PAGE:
Friday, December 23, 2011

Forge and Metawidget Discussed On JBoss Community Asylum

Metawidget, and the work we're doing with the JBoss Forge team, has gotten a nice mention on the latest episode of the JBoss Community Asylum podcast. Here's an excerpt (taken from 35m.22s):

Max: "Right now if you download Forge right now, you get a JSF Metawidget thing"

Lincoln: "Right you get a default scaffolding provider we call them, and that one right now is using - like you said - JSF and Metawidget which we're actually working on the next version of, so that... right now when you run the scaffold it basically looks at your database objects, your JPA objects, it runs through them all and generates a bunch of view files for the Create, Read, Update, Delete operations. You know, a simple interface."

Max: "So this is kind of like what seam-gen did before, right?"

Lincoln: "Right. Kind of like that. And when you look at the output of the scaffold that you would download, maybe from Beta 3, you will see this Metawidget tag and Metawidget is..."

Max: "Yeah why don't you just tell what Metawidget is?"

Lincoln: "Metawidget is a really cool framework actually, it..."

Emmanuel: "We should interview... er... forgot his name..."

Max: "Richard? Richard something? Kennard"

Lincoln: "Richard Kennard"

Max: "Yeah Kennard"

Lincoln: "'s a really cool framework for, basically you just point this tag at an Object or a bean and it runs through that bean and looks at all the properties and builds up an interface that shows up on the page."

Max: "Yeah, and in your JSF you just have one [line] and say this is the bean I want to do and it builds the UI. And it does it for... er... Swing, and..."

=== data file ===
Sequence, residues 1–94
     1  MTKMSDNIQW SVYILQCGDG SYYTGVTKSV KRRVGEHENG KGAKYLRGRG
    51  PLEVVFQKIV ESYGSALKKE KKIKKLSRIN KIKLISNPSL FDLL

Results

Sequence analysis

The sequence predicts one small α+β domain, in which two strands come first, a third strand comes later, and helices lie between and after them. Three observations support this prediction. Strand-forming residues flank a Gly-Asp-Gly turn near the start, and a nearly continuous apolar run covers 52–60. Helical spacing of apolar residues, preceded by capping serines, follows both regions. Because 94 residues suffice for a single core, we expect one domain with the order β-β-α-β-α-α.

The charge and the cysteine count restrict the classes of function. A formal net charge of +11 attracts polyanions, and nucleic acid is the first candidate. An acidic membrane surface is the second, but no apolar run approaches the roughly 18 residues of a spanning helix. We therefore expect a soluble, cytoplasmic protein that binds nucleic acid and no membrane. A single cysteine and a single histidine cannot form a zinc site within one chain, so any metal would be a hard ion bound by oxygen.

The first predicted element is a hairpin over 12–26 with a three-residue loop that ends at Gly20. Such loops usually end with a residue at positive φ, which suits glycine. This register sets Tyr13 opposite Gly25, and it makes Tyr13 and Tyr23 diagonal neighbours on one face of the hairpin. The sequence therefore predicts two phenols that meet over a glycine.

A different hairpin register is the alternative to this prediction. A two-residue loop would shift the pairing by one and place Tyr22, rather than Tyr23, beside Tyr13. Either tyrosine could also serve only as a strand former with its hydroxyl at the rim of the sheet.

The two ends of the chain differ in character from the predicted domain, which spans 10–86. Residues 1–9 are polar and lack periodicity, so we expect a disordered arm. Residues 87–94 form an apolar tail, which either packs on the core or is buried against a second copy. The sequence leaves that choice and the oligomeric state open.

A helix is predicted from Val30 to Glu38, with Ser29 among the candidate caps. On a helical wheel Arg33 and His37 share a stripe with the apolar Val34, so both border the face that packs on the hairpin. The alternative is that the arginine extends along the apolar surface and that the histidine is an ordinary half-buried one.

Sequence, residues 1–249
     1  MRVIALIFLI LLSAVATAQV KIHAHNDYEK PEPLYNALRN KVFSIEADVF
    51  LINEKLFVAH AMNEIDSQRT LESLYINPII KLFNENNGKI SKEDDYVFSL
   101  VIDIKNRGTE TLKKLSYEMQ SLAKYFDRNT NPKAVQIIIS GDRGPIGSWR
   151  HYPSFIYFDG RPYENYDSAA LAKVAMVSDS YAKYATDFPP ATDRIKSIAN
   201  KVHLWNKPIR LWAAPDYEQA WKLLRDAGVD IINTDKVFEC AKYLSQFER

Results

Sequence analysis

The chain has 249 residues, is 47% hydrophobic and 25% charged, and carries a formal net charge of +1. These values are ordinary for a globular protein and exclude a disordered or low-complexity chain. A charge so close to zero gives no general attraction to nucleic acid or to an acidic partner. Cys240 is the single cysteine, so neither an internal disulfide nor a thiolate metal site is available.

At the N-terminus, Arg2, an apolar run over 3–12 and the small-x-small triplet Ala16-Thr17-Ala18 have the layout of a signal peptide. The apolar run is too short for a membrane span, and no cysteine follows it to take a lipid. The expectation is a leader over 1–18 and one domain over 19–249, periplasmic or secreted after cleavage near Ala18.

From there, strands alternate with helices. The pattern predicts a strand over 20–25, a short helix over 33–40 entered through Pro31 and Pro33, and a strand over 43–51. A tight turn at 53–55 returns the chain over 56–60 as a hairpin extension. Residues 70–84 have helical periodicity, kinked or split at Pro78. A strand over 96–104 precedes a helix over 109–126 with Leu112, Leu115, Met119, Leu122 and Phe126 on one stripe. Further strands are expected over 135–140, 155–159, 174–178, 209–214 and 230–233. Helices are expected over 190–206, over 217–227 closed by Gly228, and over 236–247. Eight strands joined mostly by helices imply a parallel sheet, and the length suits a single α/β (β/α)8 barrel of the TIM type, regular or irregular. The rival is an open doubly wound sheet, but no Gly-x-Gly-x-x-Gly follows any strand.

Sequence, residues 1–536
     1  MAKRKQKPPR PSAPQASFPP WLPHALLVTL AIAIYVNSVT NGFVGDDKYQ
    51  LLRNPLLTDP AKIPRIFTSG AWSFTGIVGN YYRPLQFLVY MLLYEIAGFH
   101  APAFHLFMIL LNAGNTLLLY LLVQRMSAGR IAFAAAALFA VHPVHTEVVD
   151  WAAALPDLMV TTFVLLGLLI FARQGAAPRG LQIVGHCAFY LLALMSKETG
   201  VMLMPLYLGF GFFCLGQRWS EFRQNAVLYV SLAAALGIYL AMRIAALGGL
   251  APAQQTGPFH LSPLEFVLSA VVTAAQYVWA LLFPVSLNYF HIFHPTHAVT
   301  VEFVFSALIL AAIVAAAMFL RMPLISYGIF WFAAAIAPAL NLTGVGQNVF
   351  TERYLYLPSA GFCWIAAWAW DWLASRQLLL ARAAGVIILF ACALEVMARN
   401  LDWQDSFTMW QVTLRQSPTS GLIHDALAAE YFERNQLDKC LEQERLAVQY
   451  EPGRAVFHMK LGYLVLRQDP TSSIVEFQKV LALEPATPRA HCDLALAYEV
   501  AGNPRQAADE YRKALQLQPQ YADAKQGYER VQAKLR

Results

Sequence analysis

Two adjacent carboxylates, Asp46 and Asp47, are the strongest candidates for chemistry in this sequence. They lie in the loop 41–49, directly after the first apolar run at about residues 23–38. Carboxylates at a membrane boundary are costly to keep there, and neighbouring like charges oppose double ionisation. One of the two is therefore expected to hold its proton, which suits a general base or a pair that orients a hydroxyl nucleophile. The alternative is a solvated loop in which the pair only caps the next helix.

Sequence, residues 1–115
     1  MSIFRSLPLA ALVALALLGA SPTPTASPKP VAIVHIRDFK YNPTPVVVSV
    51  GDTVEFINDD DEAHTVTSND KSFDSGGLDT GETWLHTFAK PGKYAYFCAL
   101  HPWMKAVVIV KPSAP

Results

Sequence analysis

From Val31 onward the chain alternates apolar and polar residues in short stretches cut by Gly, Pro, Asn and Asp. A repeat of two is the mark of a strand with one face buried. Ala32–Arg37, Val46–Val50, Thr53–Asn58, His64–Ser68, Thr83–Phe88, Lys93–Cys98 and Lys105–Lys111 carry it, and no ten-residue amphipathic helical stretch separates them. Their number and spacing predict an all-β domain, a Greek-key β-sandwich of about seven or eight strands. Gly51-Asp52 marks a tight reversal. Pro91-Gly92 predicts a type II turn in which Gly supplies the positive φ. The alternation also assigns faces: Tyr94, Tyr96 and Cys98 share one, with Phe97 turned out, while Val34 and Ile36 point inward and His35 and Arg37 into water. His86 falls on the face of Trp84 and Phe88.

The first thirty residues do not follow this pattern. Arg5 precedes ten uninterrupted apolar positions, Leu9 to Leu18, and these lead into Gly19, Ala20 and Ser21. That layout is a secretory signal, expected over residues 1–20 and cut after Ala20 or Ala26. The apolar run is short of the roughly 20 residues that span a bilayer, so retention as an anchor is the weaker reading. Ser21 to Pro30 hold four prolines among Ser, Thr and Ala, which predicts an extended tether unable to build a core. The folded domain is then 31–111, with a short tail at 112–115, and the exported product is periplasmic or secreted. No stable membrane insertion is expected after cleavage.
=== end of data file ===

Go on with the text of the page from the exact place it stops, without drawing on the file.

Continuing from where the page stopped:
Lincoln: "You can do Swing, you can do GWT, you can do JavaFX I think. Lots of stuff."

Max: "So actually it is pretty powerful, but it's not..."

Lincoln: "The problem is then you've got this tag in there and it's... if you want to customize that then you're learning the Metawidget framework. And so what we are doing right now actually is we're customizing Metawidget so that, using the same inspection process that Metawidget provides, generate real code. Materializes it into real XML, real JSF pages. Then you can go in and modify those pages just like you would have done by yourself."

Listen to the full podcast here.

Monday, December 19, 2011

You Can't Spell Forge Without Metawidget

JBoss have just released Beta 4 of JBoss Forge. There are a host of new features in this release. Most exciting for me being the new UI scaffolding.

Scaffolding has been significantly rewritten to use a new static Metawidget. This allows Forge to output pure JSF tags, with no runtime dependencies on any non-Java EE libraries. The UI includes creating, updating, deleting, pagination and searching. It also supports one-to-many, many-to-many, many-to-one and one-to-one relationships:
The code it generates is very clean:

<h:panelGrid columnClasses="label,component,required" columns="3">
   <h:outputLabel for="customerBeanCustomerFirstName" value="First Name:"/>
      <h:inputText id="customerBeanCustomerFirstName" value="#{customerBean.customer.firstName}"/>